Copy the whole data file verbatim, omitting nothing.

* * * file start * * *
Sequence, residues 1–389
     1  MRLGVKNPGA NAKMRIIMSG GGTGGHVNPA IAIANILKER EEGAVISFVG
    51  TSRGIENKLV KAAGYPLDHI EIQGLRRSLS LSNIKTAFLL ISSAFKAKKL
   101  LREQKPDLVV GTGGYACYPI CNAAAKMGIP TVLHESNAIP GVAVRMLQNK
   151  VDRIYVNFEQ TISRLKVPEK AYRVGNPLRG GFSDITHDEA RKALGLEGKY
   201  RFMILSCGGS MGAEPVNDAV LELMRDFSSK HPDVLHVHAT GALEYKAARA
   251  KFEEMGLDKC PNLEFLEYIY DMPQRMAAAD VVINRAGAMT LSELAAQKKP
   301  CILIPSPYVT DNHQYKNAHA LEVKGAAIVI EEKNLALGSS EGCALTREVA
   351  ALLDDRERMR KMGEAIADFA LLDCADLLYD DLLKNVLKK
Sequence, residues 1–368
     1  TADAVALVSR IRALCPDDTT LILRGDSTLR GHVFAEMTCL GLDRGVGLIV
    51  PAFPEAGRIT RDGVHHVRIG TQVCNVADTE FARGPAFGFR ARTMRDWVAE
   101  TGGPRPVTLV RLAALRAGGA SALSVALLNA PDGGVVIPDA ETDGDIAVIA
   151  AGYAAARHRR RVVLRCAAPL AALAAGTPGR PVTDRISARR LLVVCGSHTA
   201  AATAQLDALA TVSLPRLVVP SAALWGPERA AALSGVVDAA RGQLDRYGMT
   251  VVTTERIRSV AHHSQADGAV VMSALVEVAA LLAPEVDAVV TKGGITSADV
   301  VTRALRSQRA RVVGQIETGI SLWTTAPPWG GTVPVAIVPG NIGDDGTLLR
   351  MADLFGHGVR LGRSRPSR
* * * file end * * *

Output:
Sequence, residues 1–389
     1  MRLGVKNPGA NAKMRIIMSG GGTGGHVNPA IAIANILKER EEGAVISFVG
    51  TSRGIENKLV KAAGYPLDHI EIQGLRRSLS LSNIKTAFLL ISSAFKAKKL
   101  LREQKPDLVV GTGGYACYPI CNAAAKMGIP TVLHESNAIP GVAVRMLQNK
   151  VDRIYVNFEQ TISRLKVPEK AYRVGNPLRG GFSDITHDEA RKALGLEGKY
   201  RFMILSCGGS MGAEPVNDAV LELMRDFSSK HPDVLHVHAT GALEYKAARA
   251  KFEEMGLDKC PNLEFLEYIY DMPQRMAAAD VVINRAGAMT LSELAAQKKP
   301  CILIPSPYVT DNHQYKNAHA LEVKGAAIVI EEKNLALGSS EGCALTREVA
   351  ALLDDRERMR KMGEAIADFA LLDCADLLYD DLLKNVLKK
Sequence, residues 1–368
     1  TADAVALVSR IRALCPDDTT LILRGDSTLR GHVFAEMTCL GLDRGVGLIV
    51  PAFPEAGRIT RDGVHHVRIG TQVCNVADTE FARGPAFGFR ARTMRDWVAE
   101  TGGPRPVTLV RLAALRAGGA SALSVALLNA PDGGVVIPDA ETDGDIAVIA
   151  AGYAAARHRR RVVLRCAAPL AALAAGTPGR PVTDRISARR LLVVCGSHTA
   201  AATAQLDALA TVSLPRLVVP SAALWGPERA AALSGVVDAA RGQLDRYGMT
   251  VVTTERIRSV AHHSQADGAV VMSALVEVAA LLAPEVDAVV TKGGITSADV
   301  VTRALRSQRA RVVGQIETGI SLWTTAPPWG GTVPVAIVPG NIGDDGTLLR
   351  MADLFGHGVR LGRSRPSR